Travel sector's poor security exposed it to hacking risks

The hacking attacks against three leading travel and ferry operators have highlighted just how far the travel industry needs to...

The hacking attacks against three leading travel and ferry operators have highlighted just how far the travel industry needs to go to improve its computer security, experts said this week.

Software suppliers to the industry routinely use X.25 networks, rarely protected by firewalls, to provide remote maintenance services to their customers 24 hours a day. "Some of the largest travel system software providers routinely go into their customer's systems every day just to check that they are functioning well," said Paul Richer, partner at travel technology consultancy Genesys.

Good security practice suggests that if businesses want to allow their suppliers access into their systems through X.25 they should make sure their suppliers at least install systems that are capable of distinguishing between a genuine maintenance call and an attack from a potential hacker.

This can be done by limiting the times when suppliers can have access to systems, using a router that will filter out calls from unknown numbers, or modems that will call the supplier back on a pre-agreed phone line.

"It is a bit like checking the credentials of a meter-reader when he comes to your door," said Peter Dorrington, fraud expert at the SAS Institute. "You phone the gas board to check them out. It should be the same routine with software maintenance."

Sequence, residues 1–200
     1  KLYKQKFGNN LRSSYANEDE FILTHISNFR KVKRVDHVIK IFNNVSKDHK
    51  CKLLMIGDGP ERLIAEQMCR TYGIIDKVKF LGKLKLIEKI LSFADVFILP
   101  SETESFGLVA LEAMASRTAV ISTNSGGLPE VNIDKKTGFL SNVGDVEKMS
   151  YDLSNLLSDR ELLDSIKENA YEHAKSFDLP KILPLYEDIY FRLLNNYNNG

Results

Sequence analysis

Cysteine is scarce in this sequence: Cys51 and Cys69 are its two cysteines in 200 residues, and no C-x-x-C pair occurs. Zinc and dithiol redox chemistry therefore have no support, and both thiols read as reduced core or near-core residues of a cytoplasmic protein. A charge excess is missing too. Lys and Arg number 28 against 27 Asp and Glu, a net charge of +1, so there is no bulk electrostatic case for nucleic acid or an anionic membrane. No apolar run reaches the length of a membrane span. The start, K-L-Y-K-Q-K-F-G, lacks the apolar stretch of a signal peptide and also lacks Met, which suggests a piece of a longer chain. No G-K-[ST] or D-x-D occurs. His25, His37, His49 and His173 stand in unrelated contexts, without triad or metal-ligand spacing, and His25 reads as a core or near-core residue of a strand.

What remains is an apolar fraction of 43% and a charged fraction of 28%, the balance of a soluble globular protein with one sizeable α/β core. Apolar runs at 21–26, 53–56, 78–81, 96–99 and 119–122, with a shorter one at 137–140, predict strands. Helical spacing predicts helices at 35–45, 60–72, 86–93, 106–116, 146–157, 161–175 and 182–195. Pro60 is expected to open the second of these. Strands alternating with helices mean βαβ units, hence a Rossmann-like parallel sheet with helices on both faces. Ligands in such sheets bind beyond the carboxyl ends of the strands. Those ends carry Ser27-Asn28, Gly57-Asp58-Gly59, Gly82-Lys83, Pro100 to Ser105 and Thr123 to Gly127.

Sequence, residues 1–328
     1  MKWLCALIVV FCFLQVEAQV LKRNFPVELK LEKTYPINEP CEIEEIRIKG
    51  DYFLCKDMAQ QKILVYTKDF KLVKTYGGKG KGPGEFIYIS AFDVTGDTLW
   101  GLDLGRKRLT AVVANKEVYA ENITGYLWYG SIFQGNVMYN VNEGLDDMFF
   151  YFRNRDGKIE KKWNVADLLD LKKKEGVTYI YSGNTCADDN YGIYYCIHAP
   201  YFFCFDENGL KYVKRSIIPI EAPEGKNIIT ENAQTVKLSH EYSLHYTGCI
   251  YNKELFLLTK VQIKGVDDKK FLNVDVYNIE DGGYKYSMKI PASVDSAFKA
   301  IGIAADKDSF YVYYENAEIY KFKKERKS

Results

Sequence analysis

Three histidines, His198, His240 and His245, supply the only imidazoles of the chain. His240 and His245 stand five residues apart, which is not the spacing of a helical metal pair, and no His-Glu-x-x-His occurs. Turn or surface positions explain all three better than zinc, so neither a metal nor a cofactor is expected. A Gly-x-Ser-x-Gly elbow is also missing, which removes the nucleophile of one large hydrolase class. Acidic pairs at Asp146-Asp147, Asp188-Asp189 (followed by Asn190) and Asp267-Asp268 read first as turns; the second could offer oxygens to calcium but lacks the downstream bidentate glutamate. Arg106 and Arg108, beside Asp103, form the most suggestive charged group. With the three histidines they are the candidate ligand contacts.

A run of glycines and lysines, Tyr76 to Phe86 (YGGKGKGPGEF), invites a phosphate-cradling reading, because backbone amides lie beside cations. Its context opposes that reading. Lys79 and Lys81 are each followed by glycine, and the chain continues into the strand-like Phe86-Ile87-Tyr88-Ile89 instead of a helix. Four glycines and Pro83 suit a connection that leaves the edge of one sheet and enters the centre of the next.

Yet many firms have little or no security beyond a simple password. At least two of the companies that fell victim to the hacker did not have ring-back facilities, Computer Weekly has learned, although they have since added more sophisticated security.

Without adequate protection any business relying on remote software maintenance runs the risk of attacks from professional hackers, or from former members of staff with a grievance. The problem is particularly acute for companies going through mergers and acquisitions or forced to lay people off.

Investigators at NatWest's credit card acquisition service, Streamline, now part of Royal Bank of Scotland, and Anite Travel Systems, are assessing whether former staff from Anite or companies which it acquired could be involved in the attacks.

Anite laid off a significant number of technical staff when it bought rival software house FSS last year. In 1999, FSS also lost support staff when it bought Travellog, the original developer of the Res 2000 booking system used by the hacking victims.

Dorrington advises companies to be particularly vigilant when making redundancies or taking part in mergers and acquisitions.

"Three things provide the motivation for fraud - greed is the first, need the second. But the third is malice, and that is on the increase. You mix those three together when you have someone who has been made redundant," he said.

Employers should review their security policies at such times, make sure they delete logon accounts used by former members of staff and change company passwords, Dorrington added.

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